Remember to constantly refer back to your outline and to consult with the business departments and users as you go along. It will take some adjustments and rewrites to make your policy complete and useable. Once you reach that stage, however, it is just a matter of keeping your policy current. Review and amend your security policy regularly to ensure it remains useable and enforceable. That way you won’t have to go through the whole process again!

Thanks to John Davis for this post.

Three Danger Signs I Look for when Scoping Risk Assessments

Scoping an enterprise-level risk assessment can be a real guessing game. One of the main problems is that it’s much more difficult and time consuming to do competent risk assessments of organizations with shoddy, disorganized information security programs than it is organizations with complete, well organized information security programs. There are many reasons why this is true, but generally it is because attaining accurate information is more difficult and because one must dig more deeply to ascertain the truth. So when I want to quickly judge the state of an organization’s information security program, I look for “danger” signs in three areas.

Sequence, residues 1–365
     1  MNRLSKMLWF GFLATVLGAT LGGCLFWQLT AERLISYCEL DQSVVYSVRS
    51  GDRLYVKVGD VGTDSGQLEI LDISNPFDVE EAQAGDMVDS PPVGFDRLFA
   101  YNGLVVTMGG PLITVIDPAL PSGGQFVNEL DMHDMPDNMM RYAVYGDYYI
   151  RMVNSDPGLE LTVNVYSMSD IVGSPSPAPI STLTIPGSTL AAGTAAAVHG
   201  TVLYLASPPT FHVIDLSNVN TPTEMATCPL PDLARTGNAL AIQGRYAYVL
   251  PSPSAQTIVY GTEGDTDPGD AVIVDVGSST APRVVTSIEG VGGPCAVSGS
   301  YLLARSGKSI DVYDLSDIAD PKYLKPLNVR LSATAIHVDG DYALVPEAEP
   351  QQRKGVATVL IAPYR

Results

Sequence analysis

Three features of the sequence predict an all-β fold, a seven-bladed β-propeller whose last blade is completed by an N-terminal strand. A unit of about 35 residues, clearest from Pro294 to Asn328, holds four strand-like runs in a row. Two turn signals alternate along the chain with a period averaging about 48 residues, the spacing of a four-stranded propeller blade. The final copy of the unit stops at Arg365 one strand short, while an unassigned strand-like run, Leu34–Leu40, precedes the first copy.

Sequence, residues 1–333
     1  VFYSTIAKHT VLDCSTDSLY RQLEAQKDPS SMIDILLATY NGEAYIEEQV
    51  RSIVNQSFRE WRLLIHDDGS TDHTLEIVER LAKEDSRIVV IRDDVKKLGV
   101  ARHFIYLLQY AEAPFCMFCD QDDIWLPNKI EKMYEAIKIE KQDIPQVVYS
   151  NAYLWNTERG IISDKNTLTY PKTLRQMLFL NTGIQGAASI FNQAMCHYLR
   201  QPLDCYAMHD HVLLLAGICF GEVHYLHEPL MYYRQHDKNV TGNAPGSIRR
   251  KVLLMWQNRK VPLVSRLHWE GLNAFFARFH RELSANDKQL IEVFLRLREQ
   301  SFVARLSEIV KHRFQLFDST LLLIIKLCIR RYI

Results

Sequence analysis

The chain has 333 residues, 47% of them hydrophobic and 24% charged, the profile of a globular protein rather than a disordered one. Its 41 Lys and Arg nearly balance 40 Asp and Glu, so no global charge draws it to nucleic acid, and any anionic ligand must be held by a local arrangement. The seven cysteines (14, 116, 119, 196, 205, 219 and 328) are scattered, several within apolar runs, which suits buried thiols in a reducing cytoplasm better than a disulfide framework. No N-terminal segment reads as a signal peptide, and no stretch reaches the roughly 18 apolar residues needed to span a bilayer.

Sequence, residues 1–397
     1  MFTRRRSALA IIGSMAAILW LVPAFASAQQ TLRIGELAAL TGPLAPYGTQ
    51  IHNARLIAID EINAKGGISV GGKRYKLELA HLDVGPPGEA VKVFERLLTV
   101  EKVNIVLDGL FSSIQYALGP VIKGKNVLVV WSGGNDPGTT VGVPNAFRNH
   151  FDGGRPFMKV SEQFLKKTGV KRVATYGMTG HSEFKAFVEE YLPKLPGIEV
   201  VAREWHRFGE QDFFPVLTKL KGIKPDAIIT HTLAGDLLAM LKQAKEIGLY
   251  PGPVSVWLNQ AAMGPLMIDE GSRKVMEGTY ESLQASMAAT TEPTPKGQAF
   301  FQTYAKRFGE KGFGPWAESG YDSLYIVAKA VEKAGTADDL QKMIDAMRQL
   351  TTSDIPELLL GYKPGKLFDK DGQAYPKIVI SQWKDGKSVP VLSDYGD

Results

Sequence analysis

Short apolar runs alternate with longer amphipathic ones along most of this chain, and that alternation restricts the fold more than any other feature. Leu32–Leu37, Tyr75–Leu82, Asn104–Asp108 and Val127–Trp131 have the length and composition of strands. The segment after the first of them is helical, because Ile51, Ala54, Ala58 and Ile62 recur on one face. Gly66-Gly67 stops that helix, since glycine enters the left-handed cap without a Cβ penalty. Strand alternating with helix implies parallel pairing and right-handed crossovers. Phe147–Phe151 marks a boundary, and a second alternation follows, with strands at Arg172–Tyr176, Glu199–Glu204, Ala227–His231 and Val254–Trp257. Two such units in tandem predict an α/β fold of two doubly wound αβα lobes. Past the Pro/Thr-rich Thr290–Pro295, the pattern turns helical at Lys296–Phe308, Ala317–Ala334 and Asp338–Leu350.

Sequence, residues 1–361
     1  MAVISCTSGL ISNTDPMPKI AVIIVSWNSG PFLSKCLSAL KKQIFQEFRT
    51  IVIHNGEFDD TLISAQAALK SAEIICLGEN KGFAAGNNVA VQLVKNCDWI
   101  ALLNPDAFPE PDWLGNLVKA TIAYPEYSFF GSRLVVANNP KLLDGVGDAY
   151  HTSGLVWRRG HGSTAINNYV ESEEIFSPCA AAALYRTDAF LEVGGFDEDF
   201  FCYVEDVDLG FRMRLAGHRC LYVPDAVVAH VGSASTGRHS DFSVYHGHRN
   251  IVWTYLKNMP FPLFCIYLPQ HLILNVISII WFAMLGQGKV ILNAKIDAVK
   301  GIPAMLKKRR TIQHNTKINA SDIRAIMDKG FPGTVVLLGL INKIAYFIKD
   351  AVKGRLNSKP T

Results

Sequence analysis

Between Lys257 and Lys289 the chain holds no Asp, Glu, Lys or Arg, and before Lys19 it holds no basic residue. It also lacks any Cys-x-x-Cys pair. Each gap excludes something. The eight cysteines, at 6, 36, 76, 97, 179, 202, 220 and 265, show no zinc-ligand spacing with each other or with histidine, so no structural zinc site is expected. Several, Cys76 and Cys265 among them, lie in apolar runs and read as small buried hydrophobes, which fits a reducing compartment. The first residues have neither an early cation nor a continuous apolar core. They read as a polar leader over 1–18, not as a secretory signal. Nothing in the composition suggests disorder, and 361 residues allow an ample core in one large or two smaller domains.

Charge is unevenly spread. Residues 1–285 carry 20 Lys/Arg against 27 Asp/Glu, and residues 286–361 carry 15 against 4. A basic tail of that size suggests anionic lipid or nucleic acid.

First, I’ll find out what kinds of network security assessments the organization undertakes. Is external network security assessment limited to vulnerability studies, or are penetration testing and social engineering exercises also performed on occasion? Does the organization also perform regular vulnerability assessments of the internal network? Is internal penetration testing also done? How about software application security testing? Are configuration and network architecture security reviews ever done?

Second, I look to see how complete and well maintained their written information security program is. Does the organization have a complete set of written information security policies that cover all of the business processes, IT processes and equipment used by the organization? Are there detailed network diagrams, inventories and data flow maps in place? Does the organization have written vendor management, incident response and business continuity plans? Are there written procedures in place for all of the above? Are all of these documents updated and refined on a regular basis?